For the second time this spring, Beaver residents Mike and Jen Sears traveled to New Jersey, where Mike Sears had served in the state's Air National Guard. The couple were joined last weekend by their three children and his parents for a special honor.
Master Sgt. Sears was recognized at the 177th fighter wing in Atlantic City for his heroic actions in Afghanistan. The 36-year-old had been awarded the Bronze Star and the Purple Heart a month earlier at the State House in Trenton.
The Bronze Star is awarded to soldiers who have displayed "heroic or meritorious achievement or service," according to President Harry Truman's 1944 executive order, which established the medal.
Master Sgt. Sears, an explosive disposal technician who was a technical sergeant at the time, remembers the day in Afghanistan in September when he and his colleagues were on combat patrol with Polish troops and were alerted that an improvised explosive device was nearby.
"We blew up the IED and then found two more," Master Sgt. Sears recalled. "I ended up defusing them by hand."
He said defusing IEDs by hand is "not common practice" but pointed out that it was best practice at the time. "I can either go back and get another bombing kit, or I can take care of the problem there," he said.
He wasn't done once the IEDs were defused.
"There were 10 to 15 insurgents coming" from both directions, he said.
The insurgents sent rocket-propelled grenades toward him, his colleagues and the command vehicle, he said, where a Polish infantry soldier sat. One of the soldier's legs was severed from the knee down.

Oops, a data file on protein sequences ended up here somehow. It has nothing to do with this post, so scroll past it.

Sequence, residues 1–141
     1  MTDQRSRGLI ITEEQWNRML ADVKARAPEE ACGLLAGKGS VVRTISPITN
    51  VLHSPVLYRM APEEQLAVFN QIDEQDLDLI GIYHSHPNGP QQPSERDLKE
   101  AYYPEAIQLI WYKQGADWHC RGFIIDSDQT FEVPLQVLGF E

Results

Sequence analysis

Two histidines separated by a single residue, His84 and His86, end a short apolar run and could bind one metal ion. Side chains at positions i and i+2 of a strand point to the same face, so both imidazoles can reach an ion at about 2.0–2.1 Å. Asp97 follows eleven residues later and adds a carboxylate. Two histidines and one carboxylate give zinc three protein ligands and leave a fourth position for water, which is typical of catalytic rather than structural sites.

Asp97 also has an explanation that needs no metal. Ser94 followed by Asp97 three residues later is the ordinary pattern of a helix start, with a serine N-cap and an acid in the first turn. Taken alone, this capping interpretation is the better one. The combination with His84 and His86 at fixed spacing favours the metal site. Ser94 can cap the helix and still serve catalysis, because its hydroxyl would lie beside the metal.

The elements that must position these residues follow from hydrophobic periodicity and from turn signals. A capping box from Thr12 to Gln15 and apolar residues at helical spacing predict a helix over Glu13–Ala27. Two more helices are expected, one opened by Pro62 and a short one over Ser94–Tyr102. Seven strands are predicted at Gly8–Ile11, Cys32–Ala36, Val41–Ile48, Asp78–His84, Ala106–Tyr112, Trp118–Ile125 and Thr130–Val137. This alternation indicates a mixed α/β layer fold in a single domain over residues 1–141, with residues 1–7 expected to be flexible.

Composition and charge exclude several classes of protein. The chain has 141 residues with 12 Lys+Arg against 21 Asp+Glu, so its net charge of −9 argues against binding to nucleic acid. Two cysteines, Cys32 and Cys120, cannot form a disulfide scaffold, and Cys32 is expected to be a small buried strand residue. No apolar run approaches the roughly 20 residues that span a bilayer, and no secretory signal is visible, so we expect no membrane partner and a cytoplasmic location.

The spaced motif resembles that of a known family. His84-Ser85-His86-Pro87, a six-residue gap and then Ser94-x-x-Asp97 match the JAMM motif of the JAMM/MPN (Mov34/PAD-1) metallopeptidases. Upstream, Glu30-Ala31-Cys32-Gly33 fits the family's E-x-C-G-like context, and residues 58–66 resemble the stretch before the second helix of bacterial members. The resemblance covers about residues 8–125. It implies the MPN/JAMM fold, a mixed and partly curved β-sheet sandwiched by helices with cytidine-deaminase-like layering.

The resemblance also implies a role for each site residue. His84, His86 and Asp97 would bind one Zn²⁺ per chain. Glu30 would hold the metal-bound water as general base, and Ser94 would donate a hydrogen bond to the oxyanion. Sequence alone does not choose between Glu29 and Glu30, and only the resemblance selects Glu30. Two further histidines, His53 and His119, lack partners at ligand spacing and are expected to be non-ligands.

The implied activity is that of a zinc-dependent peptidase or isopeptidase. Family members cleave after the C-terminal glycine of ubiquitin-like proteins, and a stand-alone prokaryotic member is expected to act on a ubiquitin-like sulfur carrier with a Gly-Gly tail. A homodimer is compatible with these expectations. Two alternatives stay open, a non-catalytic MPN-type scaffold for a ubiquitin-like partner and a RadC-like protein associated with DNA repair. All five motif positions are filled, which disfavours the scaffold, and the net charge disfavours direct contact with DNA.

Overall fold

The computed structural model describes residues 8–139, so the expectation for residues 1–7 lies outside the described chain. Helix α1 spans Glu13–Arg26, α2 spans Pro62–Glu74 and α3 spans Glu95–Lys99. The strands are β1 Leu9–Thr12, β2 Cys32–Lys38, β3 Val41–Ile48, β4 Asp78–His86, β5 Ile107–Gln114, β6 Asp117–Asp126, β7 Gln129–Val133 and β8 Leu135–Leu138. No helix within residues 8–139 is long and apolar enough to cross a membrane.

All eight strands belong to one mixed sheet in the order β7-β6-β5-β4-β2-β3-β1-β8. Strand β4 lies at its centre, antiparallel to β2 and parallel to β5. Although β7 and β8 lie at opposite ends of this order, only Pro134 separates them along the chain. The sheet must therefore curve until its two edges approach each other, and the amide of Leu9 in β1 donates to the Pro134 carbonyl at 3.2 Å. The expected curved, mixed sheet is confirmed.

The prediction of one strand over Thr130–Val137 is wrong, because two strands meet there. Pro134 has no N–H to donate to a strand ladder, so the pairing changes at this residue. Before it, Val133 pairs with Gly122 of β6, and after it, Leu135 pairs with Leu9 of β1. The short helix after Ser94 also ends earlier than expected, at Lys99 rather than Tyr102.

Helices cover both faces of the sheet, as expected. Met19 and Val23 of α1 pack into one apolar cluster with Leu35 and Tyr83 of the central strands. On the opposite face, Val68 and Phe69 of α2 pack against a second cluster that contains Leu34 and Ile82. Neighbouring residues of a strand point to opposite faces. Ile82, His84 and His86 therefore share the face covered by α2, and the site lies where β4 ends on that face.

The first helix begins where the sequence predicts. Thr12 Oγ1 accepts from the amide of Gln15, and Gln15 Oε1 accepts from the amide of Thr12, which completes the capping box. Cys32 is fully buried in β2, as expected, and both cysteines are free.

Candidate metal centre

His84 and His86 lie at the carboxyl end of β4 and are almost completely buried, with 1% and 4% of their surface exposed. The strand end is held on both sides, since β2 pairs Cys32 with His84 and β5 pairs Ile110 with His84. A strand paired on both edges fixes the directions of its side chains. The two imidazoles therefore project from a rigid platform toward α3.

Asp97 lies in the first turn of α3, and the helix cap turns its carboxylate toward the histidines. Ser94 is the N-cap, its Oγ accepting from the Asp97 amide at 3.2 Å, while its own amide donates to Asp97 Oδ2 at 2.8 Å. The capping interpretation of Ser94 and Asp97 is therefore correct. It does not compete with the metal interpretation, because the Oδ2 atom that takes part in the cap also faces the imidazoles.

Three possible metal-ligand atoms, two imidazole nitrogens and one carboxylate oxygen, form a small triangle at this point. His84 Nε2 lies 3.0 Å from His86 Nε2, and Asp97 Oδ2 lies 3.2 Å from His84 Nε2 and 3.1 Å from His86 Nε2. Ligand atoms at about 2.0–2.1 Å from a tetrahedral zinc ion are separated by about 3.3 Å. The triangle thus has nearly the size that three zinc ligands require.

"He was about 260 pounds," Master Sgt. Sears recalled. Despite his colleague's weight, Master Sgt. Sears pulled him out of the command vehicle and landed on his back in an attempt to prevent the soldier from suffering further injury.
As a result, Master Sgt. Sears tore several ligaments in his left shoulder.
"The adrenaline was rushing, so I didn't feel too much," he said. He then proceeded to lay on top of the Polish soldier to protect him from the incoming grenades.
The grenades landed in such close range to Master Sgt. Sears that he suffered moderate traumatic brain injuries, which have resulted in headaches and memory loss for which he is on medication.
"I didn't find out until he came home," Mrs. Sears said. "I was relieved that he was safe."
Until two years ago, the Department of Defense generally did not award a Purple Heart to soldiers who suffered wounds such as traumatic brain injury or concussions.
Master Sgt. Sears and his family moved to Beaver five years ago, when he joined Homeland Security as an explosives specialist in the Pittsburgh office.
He said he is proud to be a part of the U.S. military.
"A lot of people don't understand the sacrifices we make in the name of America and for the people in Afghanistan, making it a safer place to live for them."
Curtis Edmonds: email@example.com.